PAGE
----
Highlands residents voice opposition to new development
Appeal Staff Writer
While residents of the Lockwood community in Storey County were receptive to the idea of an 8,000-home development, residents of the Virginia City Highlands were not.
Blake Smith, managing partner of Somersett Development Company, held a town meeting with tours of the proposed development property and a similar project for Highlands residents on Saturday, but didn’t appear to have changed any minds.
When a resident asked how many at the meeting approved the development, only four out of about 140 people raised their hands.
Smith is proposing a master-planned community with office and retail development along with more than 8,000 homes on the former TRW property in central Storey County. He is seeking a master plan amendment and zoning change, which he said he will take to the Storey County Planning Commission in April or May.
He held a similar meeting and tour for Lockwood residents on Feb. 24.
The proposed development, called Cordevista, is located north and east of the Virginia City Highlands and is bordered on three sides by the Tahoe Reno Industrial Park. Smith developed the master-planned community of Somersett, west of Reno at Mogul, and took some 30 Highlands residents on a tour of that property as well as the TRW lot, to show what he envisioned for Cordevista.
Highlands residents expressed concerns about water, roads, wild horses and the possibility of eventual Cordevista residents on ATVs and dirt bikes riding through their rural area.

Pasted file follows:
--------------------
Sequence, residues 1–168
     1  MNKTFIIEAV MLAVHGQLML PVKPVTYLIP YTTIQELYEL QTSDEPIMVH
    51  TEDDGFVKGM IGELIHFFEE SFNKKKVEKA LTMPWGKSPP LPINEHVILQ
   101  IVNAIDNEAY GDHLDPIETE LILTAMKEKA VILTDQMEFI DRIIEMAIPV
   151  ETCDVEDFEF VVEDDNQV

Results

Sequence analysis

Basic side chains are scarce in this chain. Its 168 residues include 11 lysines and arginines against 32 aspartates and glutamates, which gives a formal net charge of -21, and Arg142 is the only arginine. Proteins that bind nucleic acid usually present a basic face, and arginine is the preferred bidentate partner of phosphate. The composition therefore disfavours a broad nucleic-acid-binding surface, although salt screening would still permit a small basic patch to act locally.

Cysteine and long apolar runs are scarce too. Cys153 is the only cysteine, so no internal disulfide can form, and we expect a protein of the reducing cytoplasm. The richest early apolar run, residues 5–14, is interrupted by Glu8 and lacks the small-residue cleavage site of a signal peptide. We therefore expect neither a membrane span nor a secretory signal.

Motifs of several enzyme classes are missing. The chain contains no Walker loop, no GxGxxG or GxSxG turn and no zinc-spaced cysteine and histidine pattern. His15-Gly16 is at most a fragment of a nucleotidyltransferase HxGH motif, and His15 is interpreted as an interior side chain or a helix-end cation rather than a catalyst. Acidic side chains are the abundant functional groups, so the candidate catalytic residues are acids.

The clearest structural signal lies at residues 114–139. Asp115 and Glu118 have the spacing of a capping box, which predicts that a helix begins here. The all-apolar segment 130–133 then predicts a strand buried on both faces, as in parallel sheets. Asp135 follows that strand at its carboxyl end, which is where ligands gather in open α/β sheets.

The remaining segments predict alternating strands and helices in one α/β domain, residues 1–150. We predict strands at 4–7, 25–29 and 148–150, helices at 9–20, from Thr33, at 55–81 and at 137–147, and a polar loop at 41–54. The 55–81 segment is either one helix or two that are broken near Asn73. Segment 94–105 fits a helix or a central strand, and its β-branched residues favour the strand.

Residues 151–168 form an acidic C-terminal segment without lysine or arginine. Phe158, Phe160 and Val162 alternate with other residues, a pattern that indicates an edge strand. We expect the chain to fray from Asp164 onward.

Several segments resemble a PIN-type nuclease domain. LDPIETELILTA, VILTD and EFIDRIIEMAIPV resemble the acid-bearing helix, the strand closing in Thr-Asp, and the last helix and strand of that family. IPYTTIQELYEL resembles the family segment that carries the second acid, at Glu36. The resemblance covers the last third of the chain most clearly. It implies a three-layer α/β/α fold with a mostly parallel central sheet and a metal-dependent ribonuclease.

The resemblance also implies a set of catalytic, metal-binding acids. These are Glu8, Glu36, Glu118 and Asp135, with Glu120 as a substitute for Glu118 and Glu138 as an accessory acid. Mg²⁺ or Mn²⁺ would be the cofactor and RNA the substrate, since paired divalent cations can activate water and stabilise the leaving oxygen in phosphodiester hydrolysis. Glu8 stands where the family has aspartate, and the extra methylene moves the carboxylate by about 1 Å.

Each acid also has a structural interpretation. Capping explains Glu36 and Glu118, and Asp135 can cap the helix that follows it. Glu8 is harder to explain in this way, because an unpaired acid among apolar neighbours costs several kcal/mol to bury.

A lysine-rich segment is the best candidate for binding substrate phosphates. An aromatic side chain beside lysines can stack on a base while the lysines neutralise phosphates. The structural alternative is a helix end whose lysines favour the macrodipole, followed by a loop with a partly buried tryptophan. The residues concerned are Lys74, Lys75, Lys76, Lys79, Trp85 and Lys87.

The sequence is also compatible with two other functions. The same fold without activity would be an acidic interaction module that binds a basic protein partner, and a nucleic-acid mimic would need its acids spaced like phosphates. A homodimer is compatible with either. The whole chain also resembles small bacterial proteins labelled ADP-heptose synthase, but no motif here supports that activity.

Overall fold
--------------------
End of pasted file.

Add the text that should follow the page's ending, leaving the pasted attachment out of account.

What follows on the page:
Smith said by the end of this year the Tahoe Reno Industrial Park will employ about 8,000 people, who have no commercial or residential options near their work.
The 8,600-acre property that was purchased in 2005 is 5.2 miles from the industrial park, 4.3 miles from the Virginia City Highlands fire station, 3.9 miles from Lockwood, 9 miles from Virginia City and 13.5 miles from Reno.
Smith said the main road out of the development would connect to USA Parkway to the east, with alternate routes being the Mustang area to the north to connect to Interstate 80 and a westerly route.
Although Smith said at the Highlands’ meeting that he didn’t know where the western road would go, at the meeting on Feb. 24 in Lockwood, he said it would come out at Damonte Ranch or Double Diamond in south Reno.
The land to the west of the development to the Washoe County line is level enough for development and is owned by another developer he wouldn’t name, other than calling him “Mr. Z.”
Smith has denied any desire to connect with Lousetown or Long Valley roads, even though Long Valley Road goes directly to the property and the proposed westerly road would cross Lousetown Road, a county road.
Smith said he would have to bring water in, as there isn’t enough water in the ground at Cordevista to support a development.
“There’s more water in the Truckee River than Northern Nevada can use,” Smith said. “It has been cut up by legal documents, that is to say, water rights, over the years.”
Smith said he is looking into four importation projects from multiple sources, but declined to identify them, adding that the Virginia City Highlands, if built out, would not have enough water either.
Cathylee James of the Let ‘Em Run Foundation called Storey County home to the largest wild horse herds in Nevada and reminded Smith that Nevada was a fence-out state.
Smith said he would provide corridors throughout the development that wild horses could pass through, but has said he would not fence the perimeter of his development.
Highlands resident Bob Stransky remained adamantly opposed.
“I moved here from Dayton when development closed in on me there,” he said. “The same thing is happening here.”